Using the radical acceptance or distress tolerance activity worksheet, you are able to pinpoint areas of complete self-acceptance and dedicate time to valuing yourself after experiencing any struggles or disappointments that life throws our way. The worksheet is made up of open-ended questions, and the responses to each indicate where we lie in terms of self-acceptance. Below is the complete list of questions for you to get started! The goal of this worksheet is to identify, consider, and understand situations or emotions you are struggling to accept and gain a better understanding of your mental health as you begin your journey of post-traumatic growth.
- What is the problem or situation that you find problematic or painful?
What happened prior to the situation that arose? How did it occur? How did it unfold? Who was there? What emotions did you experience during this situation?
- What role did your behavior play in this situation? How about others’ behavior?
- Describe your actions and behaviors during this experience and consider how your actions influenced what occurred. Remember, you cannot control how others will act.
- How did other people’s behavior influence the situation? How did their actions contribute to what happened?
- What were you able to control during this situation? What were you unable to control?
- Consider and describe your reactions to the situation.
How did you react, act, or behave to what occurred? What effects did your reactions have on you emotionally? Remember that a response is considered, deliberate behavior. A reaction, in contrast, is when you allow emotions to guide your behavior.
- What was the impact of your reaction on others around you?
Describe how they acted or behaved when you reacted the way you did.
- How might you behave next time so that you can minimize your reactive response?
How could you respond, instead of reacting, to reduce your own emotional distress?
No matter who you are, the aftermath of trauma can redefine how you live your life. The set of beliefs, worldviews, and assumptions that ground us can become broken and uncontrollable after being confronted with trauma. This earthquake-like event which can shatter our perceptions allows us the opportunity to reconstruct ourselves and our mindset. When the foundation of self is shaken, new growth can flourish.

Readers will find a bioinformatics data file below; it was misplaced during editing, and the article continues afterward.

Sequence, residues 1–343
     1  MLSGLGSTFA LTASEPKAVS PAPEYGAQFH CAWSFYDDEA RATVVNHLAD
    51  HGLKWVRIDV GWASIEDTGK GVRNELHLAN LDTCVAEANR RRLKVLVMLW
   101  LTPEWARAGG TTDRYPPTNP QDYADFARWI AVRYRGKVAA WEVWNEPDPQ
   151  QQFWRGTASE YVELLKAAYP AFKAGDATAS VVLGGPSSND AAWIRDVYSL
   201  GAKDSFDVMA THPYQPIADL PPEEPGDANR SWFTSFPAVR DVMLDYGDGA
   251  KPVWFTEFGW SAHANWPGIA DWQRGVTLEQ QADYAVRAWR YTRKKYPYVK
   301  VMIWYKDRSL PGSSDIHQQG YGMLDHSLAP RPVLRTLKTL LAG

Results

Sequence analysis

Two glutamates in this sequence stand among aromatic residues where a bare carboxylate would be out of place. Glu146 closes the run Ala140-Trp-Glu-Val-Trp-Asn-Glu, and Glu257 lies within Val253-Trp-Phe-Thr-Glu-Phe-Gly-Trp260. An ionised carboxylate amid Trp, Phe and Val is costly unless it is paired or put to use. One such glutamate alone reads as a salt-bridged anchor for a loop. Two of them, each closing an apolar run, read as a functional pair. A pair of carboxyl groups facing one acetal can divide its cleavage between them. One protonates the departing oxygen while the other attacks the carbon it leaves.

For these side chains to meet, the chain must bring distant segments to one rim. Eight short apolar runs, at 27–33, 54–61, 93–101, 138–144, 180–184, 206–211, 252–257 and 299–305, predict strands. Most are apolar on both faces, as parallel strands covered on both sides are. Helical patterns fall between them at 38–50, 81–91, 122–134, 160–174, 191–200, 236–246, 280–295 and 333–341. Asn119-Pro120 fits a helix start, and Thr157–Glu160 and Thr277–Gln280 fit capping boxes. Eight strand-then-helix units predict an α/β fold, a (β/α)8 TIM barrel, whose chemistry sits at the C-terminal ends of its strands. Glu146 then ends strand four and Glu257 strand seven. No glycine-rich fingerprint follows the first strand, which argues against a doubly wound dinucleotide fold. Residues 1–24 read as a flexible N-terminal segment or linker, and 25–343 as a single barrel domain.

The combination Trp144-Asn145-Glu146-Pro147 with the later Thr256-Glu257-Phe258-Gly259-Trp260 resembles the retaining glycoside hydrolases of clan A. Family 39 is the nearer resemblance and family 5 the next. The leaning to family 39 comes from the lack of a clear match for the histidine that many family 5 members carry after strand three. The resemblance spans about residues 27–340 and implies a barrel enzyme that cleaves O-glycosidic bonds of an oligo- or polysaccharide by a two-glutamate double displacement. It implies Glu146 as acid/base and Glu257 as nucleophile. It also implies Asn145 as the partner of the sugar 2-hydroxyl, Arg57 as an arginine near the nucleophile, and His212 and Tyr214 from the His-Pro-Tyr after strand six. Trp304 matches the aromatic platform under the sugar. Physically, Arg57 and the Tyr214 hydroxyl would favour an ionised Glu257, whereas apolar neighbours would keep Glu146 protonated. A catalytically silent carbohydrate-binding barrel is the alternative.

Of course, if you are suffering from post-traumatic stress disorder, poor mental health, intense flashbacks, or negative coping strategies it is important to speak with a clinician who can provide you with additional handout worksheets, a workbook, or treatments such as psychotherapy. Post-traumatic growth may seem like a daunting task but clinical psychology, positive coping skills, and personal strength offers new possibilities towards positive change.
In addition to this, re-origin offers a comprehensive and science-based brain retraining program aimed at helping people overcome traumatic illnesses and events through self-directed neuroplasticity or “brain rewiring” therapy. Unlike self-help, brain retraining is one approach to trauma recovery that is actually aimed at undoing its underlying cause which is the continued firing of obsolete neuropathways that formed during a time of great stress. The Trauma worksheet above can help you get started by gaining a better understanding of where you presently are in your journey. And when you are ready to recondition the old pathways, regain full self-esteem, reduce symptoms of PTSD, and return to who you really are – re-origin is here for you.
- Posttraumatic Growth Research Group. (2014). What is PTG? UNC Charlotte Department of Psychology. Retrieved from https://ptgi.uncc.edu/what-is-ptg/
- Tedeschi, R.G., & Calhoun, L.G. (1996). The Posttraumatic Growth Inventory: Measuring the positive legacy of trauma. , Journal of Traumatic Stress, 9, 455- 471. doi: 10.1002/jts.2490090305
- Take the Self-Compassion Test. (2021, October 26). Self-Compassion. Retrieved September 20, 2022, from https://self-compassion.org/self-compassion-test/
- Radical-Acceptance-Worksheet. (2017). https://positivepsychology.com/. Retrieved September 20, 2022, from https://positive.b-cdn.net/wp-content/uploads/2017/11/Radical-Acceptance-Worksheet.pdf
- Tedeschi, R. G., & Calhoun, L. G. (2004). ” Posttraumatic growth: conceptual foundations and empirical evidence”. Psychological inquiry, 15(1), 1-18.
- Collier, L. (2016, November 1). Growth after trauma. Monitor on Psychology, 47(10). https://www.apa.org/monitor/2016/11/growth-trauma